December 30, 2018 4:53 pm at 4:53 pm #1654034
What if that same pilot with all that flying experience and training were to offer you a ride in a small plane, would you take it. My flight instructor was in the Israeli Air Force for ten years, flight instructor for 30, and has trained many airline pilots (many El- Al pilots), and still people are scared to fly with him.December 30, 2018 4:53 pm at 4:53 pm #1654035
People are not scared to fly in a small plane because of the pilot, they are scared to fly in a small plane just because it is a small plane.December 30, 2018 7:48 pm at 7:48 pm #1654067
That’s probably because if the great metal skybird is large enough, it is easier to pretend that one is not flying.December 30, 2018 8:28 pm at 8:28 pm #1654081
Ctrl Alt DelParticipant
RebYidd, HAHAHAHAHAHA!!!!!December 30, 2018 8:29 pm at 8:29 pm #1654076
I have a private pilot license and have flown Cessna 172’s, although it’s been a long time. Before I started flight training, I knew absolutely nothing about small planes or how planes work.
I suspect the reluctance of the prospective passengers is due to ignorance.December 31, 2018 7:50 am at 7:50 am #1654213
why is driving to the airport the most dangerous part of flying???December 31, 2018 11:03 am at 11:03 am #1654363
Because statistically, car accidents are much more common than airplane accidents.December 31, 2018 11:58 am at 11:58 am #1654383
Another thought occurred to me.
I haven’t piloted an airplane for decades. But as far as I know, my private pilot license is still valid (they don’t expire). If I renewed my medical certificate, which only requires a visit to a doctor, I could legally get in a Cessna 172 tomorrow and fly it. That’s assuming that the owner of the airplane didn’t require taking me for a checkride.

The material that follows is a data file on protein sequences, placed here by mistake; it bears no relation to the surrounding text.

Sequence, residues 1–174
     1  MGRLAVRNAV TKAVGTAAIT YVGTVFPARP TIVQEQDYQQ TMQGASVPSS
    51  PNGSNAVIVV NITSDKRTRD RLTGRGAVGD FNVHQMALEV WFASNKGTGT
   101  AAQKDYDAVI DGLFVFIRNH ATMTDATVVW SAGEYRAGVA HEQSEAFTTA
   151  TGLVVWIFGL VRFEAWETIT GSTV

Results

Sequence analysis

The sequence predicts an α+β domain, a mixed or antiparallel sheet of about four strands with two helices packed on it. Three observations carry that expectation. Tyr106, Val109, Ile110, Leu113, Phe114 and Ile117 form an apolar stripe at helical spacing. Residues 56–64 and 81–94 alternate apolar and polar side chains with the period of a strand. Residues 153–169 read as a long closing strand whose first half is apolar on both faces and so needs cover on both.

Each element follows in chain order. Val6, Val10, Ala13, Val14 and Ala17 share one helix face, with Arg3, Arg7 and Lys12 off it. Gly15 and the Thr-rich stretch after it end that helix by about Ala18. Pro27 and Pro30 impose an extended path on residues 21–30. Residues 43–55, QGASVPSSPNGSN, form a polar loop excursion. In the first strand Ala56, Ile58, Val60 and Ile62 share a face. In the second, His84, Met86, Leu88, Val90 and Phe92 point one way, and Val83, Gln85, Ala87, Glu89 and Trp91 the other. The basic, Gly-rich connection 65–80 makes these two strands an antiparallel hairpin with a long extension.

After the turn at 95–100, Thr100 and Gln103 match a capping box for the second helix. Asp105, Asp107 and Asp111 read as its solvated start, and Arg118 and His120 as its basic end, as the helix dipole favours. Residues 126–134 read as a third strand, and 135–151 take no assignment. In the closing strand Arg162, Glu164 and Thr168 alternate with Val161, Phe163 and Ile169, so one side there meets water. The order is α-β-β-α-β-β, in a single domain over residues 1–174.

That’s one difference between private vs. commercial aviation. There’s far less oversight by the government. It’s up to individuals to verify that the aircraft has been properly maintained and that the pilot is competent.December 31, 2018 2:28 pm at 2:28 pm #1654529
Dovid, your comparison of accidents to driving is applicable to commercial aviation, not general/private aviation. General/private aviation is much much more accident prone and a far higher fatality rate than commercial aviation.December 31, 2018 3:10 pm at 3:10 pm #1654558
Joseph, I think that car accidents are much much more common than general/private aviation accidents. When I served as chief of police of a large city for eight years, we had to respond to tens of thousands of car accidents, but only a handful of airplane accidents.
(One of the above statements is false.)December 31, 2018 5:13 pm at 5:13 pm #1654785
In addition to renewing your medical certificate every five years, every 2 once your 40, you also have to take a flight review. Its basically another flying lesson with a flight instructor, in which he makes sure you are up do date with all of the maneuvers, straight and level, stalls, slow flight, emergency procedures etc.
You also need to do 3 takeoffs and landings every 90 days in order to fly passengers.December 31, 2018 5:30 pm at 5:30 pm #1654805December 31, 2018 8:03 pm at 8:03 pm #1654839
Thanks for the info. In that case, I could fly, but not legally. But the typical passenger would not know the difference. 🙂
I flew out of an airport other than FRG. 🙂January 1, 2019 8:05 am at 8:05 am #1654995
No rental company would let you fly unless you show them your logbook, which would show that you aren’t current.
Was it a towered airport or non towered airportJanuary 1, 2019 8:09 am at 8:09 am #1654998
So basically to sum everything up, people don’t understand anything about general aviation. Because they don’t understand it, they view it with apprehension and even downright fear. Then they try to rationalize this fear by convincing everyone its dangerous.January 1, 2019 9:47 am at 9:47 am #1655021
Was it a towered airport or non towered airport
I flew in and out of lots of airports. Some had FAA control towers, some only had FBO’s monitoring the radio, some had neither.January 1, 2019 6:27 pm at 6:27 pm #1655856
I don’t know if all this will help but…
Something probably made you nervous to fly.
Perhaps your previous flight had some turbulence which might have made you uncomfortable enough to not want to fly again. Maybe there was a plane crash on the news. It could have been anything.
Research what every bump and noise during a flight is, landing gear, flaps, change in engine power etc.
Look up all the difference types of turbulence there is, and see that it is almost impossible for a large airliner to go down because of turbulence. Maybe even look up different airline accidents, see the cause, and what response airlines took to make sure it never happens again.